One male protester was run over by a truck while a female colleague was gunned down by the army. One of the deceased was buried last weekend with the other funeral scheduled for next weekend.
A group of other protesters were injured during the demonstrations turned violent, coupled with the looting and destruction of several businesses in Maseru.
The strike began on May 14.
Trade unions have pledged that perpetrators will be dealt with in due course, as the fight over salary increase continues.
Since Monday this week, thousands of factory workers returned to work after the government announced that the increment gazette will be published on June 15.
Some started going back to work as early as last week through the encouragement of their respective unions.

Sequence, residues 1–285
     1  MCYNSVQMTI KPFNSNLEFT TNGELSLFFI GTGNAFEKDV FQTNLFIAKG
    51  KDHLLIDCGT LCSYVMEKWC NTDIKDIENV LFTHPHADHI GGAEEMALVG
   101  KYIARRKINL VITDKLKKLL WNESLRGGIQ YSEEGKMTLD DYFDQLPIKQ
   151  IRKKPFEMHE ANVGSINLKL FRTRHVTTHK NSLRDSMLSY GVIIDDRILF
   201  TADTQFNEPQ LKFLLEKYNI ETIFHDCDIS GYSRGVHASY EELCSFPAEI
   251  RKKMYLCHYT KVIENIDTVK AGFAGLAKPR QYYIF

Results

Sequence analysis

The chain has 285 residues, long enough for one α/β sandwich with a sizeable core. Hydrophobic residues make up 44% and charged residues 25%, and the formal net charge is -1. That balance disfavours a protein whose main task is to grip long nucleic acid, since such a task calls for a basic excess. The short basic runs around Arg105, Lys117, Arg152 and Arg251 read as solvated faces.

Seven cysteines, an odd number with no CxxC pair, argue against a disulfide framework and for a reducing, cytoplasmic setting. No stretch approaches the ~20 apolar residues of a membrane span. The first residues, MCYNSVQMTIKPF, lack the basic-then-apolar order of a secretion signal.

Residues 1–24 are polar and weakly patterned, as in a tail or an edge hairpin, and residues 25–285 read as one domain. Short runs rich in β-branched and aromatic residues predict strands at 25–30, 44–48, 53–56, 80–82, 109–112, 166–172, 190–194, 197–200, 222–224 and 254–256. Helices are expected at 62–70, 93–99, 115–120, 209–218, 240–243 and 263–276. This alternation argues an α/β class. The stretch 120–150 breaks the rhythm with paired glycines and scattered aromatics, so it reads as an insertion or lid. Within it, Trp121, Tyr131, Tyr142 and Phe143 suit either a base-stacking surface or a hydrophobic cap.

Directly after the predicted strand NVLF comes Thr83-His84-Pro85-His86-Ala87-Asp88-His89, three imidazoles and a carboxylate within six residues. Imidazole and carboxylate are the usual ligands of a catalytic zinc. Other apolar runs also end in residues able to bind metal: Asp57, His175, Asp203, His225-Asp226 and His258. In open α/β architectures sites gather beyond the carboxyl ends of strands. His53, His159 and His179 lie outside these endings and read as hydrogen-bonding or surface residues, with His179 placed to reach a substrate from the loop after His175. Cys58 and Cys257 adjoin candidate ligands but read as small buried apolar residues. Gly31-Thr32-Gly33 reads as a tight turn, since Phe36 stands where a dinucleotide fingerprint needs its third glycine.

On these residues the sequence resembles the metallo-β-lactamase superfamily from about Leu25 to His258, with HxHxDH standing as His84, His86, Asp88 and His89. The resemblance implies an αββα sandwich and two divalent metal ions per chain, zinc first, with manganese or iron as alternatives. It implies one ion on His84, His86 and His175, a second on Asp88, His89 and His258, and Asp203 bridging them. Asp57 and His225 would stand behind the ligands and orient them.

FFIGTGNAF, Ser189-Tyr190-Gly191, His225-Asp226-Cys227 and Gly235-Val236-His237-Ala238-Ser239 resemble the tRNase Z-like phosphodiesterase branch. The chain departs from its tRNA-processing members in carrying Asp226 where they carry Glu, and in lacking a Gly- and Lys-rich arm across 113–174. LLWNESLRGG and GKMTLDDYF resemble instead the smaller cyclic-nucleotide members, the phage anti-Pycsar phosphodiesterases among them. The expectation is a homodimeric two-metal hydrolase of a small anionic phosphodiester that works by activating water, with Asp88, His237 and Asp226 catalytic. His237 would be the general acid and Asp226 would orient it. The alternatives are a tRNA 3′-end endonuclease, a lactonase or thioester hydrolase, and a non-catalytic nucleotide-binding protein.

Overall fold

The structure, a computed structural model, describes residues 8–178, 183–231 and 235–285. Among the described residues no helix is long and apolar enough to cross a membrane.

The sector is one of the largest employers in the country, with around 50, 000 people, mostly women employed.
National Clothing Textile and Allied Workers Union (NACTWU) assistant Secretary, Tšepang Makakole shared in an interview with Metro that they will deal with all the damages after they are done with the salary issue.
“We are currently still under the process of fighting for the increase. Immediately after we are done, we will come to those who killed some of our members. We will deal with this matter aggressively when the time is right,” Mr Makakole said.
Workers are demanding a 20 percent salary increase but employers say they can only pay a 6 percent increase.
The impact of the COVID-19 pandemic has an impact in these negotiations as the industry has been severely hit by the pandemic.